America's Team

Former teammates Spencer, Peterson still blocking opposition

by Chris Goltermann

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Zach Peterson

The uniform may have changed, but when Greg Spencer and Zach Peterson enter the field, they still strap on their helmets just as tight. The surroundings have drastically changed, however, for the former Northgate football teammates, who also went on to standout college careers with Army. Their home turf, once green and lush like the finest carpet under bright sunshine, is nothing more than a backdrop in drab shades of brown from dirt and sand that now engulfs them when the temperatures soar in August. The uniform is now camouflage; the team colors, red, white and blue.

While currently on separate missions in Afghanistan, their goals are much the same as previous on the field as teammates on opposite sides of the ball, Spencer as a defensive tackle, Peterson as an offensive center with the Black Knights. Foremost, it’s to again push forward at the line of scrimmage. In this case, it’s one that distinguishes where freedom begins and terror ends in a foreign land far from home.

This is no game, though, especially when ‘teammates’ can be prone to change allegiances or when the opponent has an explosive device buried on the other side of the 50-yard line. Peterson, who as a senior starter at center was part of an Army lineup in 2010 that snapped a 14-year bowl absence, reached the 6-month anniversary of his deployment in Afghanistan last week and hopes to be home to visit around Thanksgiving. Spencer, who graduated from the academy in 2009, is on his second tour and third trip to the country and could be home by February according to his father, Mark.

Military service has been a family tradition with the Spencers for at least three generations. Greg’s younger sister Kelly, a graduate of the Air Force Academy and former volleyball standout, recently returned from a six-month stint in Afghanistan working in intelligence while based in South Dakota. Youngest sibling, Sean, enters his freshman year at the Naval Academy this fall as a football recruit after also graduating from Northgate in May.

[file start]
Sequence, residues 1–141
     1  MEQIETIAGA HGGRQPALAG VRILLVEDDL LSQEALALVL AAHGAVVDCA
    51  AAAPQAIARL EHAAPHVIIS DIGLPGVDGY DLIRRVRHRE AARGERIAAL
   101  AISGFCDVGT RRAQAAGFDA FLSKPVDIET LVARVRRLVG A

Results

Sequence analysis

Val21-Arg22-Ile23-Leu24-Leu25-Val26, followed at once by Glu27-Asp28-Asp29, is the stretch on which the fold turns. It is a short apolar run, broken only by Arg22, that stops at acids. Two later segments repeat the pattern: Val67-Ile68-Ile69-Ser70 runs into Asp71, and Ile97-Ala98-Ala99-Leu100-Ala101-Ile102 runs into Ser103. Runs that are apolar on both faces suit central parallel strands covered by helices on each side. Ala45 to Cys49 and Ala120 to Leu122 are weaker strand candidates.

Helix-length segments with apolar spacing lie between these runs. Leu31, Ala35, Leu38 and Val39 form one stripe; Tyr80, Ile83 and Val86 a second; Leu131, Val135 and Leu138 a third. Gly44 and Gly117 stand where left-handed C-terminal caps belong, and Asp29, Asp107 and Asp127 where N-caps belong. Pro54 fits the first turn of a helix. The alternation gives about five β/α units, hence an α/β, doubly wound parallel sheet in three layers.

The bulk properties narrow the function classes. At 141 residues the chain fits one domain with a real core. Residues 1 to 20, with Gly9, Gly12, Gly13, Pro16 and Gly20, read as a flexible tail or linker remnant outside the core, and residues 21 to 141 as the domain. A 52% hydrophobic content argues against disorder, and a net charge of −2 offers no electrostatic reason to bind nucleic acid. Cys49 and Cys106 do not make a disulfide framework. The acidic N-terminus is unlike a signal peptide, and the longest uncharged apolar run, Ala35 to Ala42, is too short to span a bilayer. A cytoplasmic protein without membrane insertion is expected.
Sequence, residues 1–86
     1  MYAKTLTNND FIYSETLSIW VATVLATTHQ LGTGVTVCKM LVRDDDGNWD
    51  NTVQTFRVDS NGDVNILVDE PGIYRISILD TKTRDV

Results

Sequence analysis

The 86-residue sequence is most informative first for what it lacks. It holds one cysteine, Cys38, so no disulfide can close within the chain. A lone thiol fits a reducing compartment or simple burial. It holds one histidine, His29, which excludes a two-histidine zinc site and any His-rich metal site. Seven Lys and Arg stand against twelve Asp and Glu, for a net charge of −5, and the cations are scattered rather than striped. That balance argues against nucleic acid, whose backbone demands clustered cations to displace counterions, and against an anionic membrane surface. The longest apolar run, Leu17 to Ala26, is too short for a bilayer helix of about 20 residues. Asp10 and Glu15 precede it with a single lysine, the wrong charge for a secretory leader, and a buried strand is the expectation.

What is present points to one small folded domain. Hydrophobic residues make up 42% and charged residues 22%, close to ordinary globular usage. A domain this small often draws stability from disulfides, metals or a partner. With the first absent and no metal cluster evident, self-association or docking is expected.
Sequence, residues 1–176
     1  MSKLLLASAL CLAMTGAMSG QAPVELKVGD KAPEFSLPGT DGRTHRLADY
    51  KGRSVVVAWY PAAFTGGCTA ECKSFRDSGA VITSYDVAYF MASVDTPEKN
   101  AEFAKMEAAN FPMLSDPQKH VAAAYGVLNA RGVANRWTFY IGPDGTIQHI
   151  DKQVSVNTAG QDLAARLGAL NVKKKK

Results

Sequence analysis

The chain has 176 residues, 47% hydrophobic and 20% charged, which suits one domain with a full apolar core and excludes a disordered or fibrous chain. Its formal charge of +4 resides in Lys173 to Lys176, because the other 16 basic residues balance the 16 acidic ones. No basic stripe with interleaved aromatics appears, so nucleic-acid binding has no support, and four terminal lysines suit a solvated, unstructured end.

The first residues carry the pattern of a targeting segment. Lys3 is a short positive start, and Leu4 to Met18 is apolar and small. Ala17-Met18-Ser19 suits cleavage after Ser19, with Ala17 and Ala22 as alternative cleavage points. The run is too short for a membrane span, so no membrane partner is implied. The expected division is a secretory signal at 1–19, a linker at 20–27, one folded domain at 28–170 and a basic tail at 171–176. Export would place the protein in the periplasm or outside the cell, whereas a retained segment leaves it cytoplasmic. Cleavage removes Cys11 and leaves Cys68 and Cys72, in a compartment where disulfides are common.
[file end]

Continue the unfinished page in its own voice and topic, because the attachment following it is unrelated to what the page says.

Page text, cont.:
Years of football, however, have made their impact on the two former Army football teammates after teaching life-lessons regarding teamwork and leadership while facing long, grueling days that aren’t as clearly defined as wins and losses. “The senior leadership of our company has been working 16-17 hour days since we got here, and that can become a drain. You have to continue to challenge yourself to remain positive and not get frustrated or complacent,” Peterson recently told the Times-Herald in an online chat.

“I would absolutely tie football into what I am doing now. The lessons I learned playing football for Northgate and then West Point have developed me into the leader that I am today. The commitment and grind of a football season is something that you can draw parallels to a deployment” Now a First Lieutenant for Bravo 3-15, the goal, much like an offensive lineman, is to keep a clear and safe path on Highway 1.

It’s a winding, dusty stretch of paved asphalt and potholes between Kabul in the east and Kandahar in the south that acts as a lifeline for soldiers and civilians for getting troops and supplies in and out of territories once controlled by the Taliban. It’s also prime real estate for insurgents, who unlike a football opponent, cower in shadows waiting for sneak attacks to interrupt the progress or retrofitting a war-torn nation. Others who have initially pledged their allegiances to allies as part of the Afghan National Army, have turned, in attacks known to American soldiers as “green on blue. “It is frustrating, and that factor just requires you to be all the more alert and aware when operating with them,” Peterson wrote. ‘It can all be challenging when you have to take all of those things into consideration.”

Over the next year, the United States is expected to remove as many as 28,000 vehicles and 40,000 shipping containers of equipment, a bulk of which through Highway 1, a military term known to soldiers as “the retrograde.” Reports have stated the process was expected to reach its peak by this summer. The combination of assisting the retrograde and missions in the battlefield has been as much a challenge to Peterson. “The pressure situations and stress I have experienced playing football is something that I draw back to when over here and faced with very high stake decisions,” he wrote. “ I think the football I have played has helped develop the mental toughness that I have now and has ultimately allowed me to have success in Afghanistan when operating in a high stress environment.”

Spencer is equally in harm’s way while also a First Lieutenant assigned to 7-Special Forces, a unit that works with Explosive Ordnance Disposal (EOD) and constantly on the move between bases. “Every once and awhile we’ll get an e-mail from him to let us know how he’s doing,” said Mark of contact with his son. Both Spencer and Peterson, who had three fellow soldiers in his company killed in an IED explosion in late July, will be too busy to keep an eye on most college games this fall. But the aspect of the game Peterson said he misses most is being part of a big game in front of thousands of fans. “The thing I miss most about football is all the preparation and detail that you put into a game plan and then you go out in the field on Friday or Saturday and execute,” wrote Peterson, who still has hopes of becoming a coach someday. “There is no better feeling.”



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